Minimising-Business-Travel-Risk

Minimising Business Travel Risk

Understanding what it takes to make business travel policies work

Key Takeaway

Given the fact that business travel is still as relevant as ever, the successful organisation is one that ensures a robust travel risk management policy to protect both the organisation and its people. Here are three ideas to explore.

Despite the number of prominent incidents that have come to the forefront in recent years, ranging from terrorist attacks from Paris to Brussels and earthquakes that have hit Japan, Ecuador and Myanmar, travel is booming. A study by the Global Business Travel Association (GBTA) stated that on top of record-breaking business travel spend in 2015 at USD 1.25 trillion, it is expected to further expand 5.8 percent by 2019.

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In the aftermath of the recent bombings in Brussels, GBTA also mentioned that 28 percent reported their company either did not have a risk-management plan in place or they were unsure if there was one. Yet the concern of safe travel is not so much the issue of cataclysmic events with low probability, but more innocuous risks such as common ailments, crime, traffic accidents and theft among others. Health risks, for one, increase with frequent business travel, especially long-haul travel.

In fact, a company’s lack of assistance to employees when they are traveling could create legal liability, even reputation damage, ultimately impacting the company’s bottom line.

As such, it is imperative that companies put robust travel risk management policies in place that provide their business travellers with assistance in a crisis situation.  In fact, a company’s lack of assistance to employees when they are travelling could create legal liability, even reputation damage, ultimately impacting the company’s bottom line.

Here are three ideas that companies can implement to assure their employees that the risks inherent in their business travel have been considered and addressed.

  1. Craft a strategy for travel risk management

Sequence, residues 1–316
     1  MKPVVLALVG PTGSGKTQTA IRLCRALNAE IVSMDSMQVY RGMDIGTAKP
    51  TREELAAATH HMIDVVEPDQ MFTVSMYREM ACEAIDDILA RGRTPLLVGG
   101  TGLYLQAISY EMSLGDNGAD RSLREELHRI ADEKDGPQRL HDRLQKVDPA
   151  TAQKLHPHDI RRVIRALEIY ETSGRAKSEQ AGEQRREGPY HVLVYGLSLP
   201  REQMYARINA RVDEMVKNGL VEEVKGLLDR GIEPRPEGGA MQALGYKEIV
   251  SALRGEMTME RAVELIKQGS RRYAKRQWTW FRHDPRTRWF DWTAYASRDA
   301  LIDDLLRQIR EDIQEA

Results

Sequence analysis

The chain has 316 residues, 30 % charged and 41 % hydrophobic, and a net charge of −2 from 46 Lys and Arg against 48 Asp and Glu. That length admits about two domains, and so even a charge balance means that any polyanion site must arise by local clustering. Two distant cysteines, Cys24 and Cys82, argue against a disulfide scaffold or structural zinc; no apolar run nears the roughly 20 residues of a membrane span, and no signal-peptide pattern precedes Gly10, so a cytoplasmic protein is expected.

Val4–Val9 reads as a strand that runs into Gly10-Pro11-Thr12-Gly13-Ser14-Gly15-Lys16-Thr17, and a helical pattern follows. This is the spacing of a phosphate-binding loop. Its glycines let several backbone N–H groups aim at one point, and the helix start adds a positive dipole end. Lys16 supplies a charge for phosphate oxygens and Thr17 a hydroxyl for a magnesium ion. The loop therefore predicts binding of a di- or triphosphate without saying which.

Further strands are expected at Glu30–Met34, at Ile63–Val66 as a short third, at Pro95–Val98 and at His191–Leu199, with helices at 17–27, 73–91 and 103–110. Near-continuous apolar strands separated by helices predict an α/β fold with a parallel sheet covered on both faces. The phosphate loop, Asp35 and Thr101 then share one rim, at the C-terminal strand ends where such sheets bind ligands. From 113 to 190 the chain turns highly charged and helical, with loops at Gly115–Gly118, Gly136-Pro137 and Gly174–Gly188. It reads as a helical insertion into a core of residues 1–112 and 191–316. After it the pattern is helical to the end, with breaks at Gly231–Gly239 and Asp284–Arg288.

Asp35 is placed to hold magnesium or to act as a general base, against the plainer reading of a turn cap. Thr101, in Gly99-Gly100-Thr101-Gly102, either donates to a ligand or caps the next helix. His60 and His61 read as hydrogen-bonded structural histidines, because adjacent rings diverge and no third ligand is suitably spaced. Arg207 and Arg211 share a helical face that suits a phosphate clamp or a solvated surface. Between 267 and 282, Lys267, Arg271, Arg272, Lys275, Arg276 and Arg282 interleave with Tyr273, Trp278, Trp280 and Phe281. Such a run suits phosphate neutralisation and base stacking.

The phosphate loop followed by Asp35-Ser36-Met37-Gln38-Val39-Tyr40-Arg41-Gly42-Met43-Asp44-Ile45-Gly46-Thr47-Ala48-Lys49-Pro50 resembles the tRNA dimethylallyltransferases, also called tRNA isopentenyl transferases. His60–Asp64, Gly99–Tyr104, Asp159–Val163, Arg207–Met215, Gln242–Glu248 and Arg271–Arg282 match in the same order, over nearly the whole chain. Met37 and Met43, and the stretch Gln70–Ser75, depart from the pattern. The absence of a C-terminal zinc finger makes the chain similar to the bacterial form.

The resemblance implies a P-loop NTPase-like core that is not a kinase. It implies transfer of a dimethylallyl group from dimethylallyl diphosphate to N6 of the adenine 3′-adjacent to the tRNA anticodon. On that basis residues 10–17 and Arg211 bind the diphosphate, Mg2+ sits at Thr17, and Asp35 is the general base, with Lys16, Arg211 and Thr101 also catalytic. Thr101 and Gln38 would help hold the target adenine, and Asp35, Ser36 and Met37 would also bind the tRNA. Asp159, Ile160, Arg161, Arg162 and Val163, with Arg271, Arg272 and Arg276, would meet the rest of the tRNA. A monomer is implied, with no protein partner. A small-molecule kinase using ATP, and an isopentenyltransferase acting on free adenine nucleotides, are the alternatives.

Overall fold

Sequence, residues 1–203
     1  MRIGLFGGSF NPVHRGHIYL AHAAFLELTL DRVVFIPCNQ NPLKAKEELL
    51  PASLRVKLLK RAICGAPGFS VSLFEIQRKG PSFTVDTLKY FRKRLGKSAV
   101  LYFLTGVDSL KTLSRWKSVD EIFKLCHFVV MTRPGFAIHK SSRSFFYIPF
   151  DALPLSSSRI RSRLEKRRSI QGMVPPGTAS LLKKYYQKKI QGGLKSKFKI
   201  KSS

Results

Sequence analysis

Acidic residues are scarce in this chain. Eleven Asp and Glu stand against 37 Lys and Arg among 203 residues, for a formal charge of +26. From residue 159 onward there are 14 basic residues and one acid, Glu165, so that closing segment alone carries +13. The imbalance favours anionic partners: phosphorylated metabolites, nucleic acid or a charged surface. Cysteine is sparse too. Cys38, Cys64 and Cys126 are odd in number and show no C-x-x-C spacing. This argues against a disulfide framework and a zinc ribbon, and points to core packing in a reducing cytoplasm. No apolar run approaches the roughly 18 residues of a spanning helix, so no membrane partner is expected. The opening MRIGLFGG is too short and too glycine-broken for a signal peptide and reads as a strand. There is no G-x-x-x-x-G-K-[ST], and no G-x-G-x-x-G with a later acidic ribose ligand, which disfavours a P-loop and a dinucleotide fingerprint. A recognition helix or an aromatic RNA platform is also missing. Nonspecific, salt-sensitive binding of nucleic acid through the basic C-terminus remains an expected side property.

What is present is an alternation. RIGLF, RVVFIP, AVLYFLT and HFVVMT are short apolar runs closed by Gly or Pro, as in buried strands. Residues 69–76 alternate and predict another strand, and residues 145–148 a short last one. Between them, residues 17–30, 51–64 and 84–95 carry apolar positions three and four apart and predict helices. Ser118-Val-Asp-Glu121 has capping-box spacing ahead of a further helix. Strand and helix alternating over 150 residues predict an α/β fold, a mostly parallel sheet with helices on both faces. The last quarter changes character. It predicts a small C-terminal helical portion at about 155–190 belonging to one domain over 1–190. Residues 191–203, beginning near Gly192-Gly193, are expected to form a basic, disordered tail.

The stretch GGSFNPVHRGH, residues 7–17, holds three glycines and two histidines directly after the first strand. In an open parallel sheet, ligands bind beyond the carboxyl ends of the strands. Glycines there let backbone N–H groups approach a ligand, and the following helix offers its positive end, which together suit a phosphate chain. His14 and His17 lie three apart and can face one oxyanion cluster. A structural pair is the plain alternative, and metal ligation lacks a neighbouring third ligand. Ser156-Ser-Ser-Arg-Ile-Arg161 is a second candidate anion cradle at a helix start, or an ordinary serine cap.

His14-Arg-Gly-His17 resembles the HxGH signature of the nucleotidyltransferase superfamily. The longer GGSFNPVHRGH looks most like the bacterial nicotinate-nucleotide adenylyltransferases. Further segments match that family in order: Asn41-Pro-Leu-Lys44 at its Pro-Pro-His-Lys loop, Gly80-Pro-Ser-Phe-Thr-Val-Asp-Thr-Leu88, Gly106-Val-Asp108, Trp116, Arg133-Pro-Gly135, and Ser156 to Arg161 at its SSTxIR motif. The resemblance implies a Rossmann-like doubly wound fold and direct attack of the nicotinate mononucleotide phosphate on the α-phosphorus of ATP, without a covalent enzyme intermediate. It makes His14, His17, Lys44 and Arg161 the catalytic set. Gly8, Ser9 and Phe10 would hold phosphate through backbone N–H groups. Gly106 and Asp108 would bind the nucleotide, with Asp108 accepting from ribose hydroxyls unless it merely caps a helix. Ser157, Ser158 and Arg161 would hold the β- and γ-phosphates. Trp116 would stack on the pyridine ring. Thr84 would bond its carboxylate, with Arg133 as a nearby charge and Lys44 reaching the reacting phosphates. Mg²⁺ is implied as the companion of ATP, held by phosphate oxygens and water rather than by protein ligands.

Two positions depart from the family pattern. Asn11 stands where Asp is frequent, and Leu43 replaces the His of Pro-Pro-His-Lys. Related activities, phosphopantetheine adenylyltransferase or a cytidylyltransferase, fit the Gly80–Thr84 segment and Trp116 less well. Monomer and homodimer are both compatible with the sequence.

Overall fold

The social and ethical element of responsible travel management is no more a nice-to-have. With the increasingly competitive business environment, business travel is on the rise and duty of care with health and safety policies is more important than ever.

Furthermore, collaboration between departments within a company (i.e. HR, legal, medical, security and procurement) is necessary to establish a successful and comprehensive programme to ensure travelling personnel safety and comfort.

Are employees able to easily access the information in this programme and are they aware of how it affects them?

Health scares, political upheaval and natural disasters

Once an understanding as to its importance has been established, businesses must identify how this programme should be developed and more importantly, executed. These could include things like :

  • Does the company have a plan in place that covers all the risks their travellers may experience? Yes, it would seem that frequent business travellers do age faster;
  • Are there policies that have been clearly spelt to protect both the traveller and the employer if something untoward were to happen?;
  • Are other external organisations that are part of this programme that can complement crucial aspects of this programme, such as travel arrangements, medical assistance, accommodation, transportation etc?;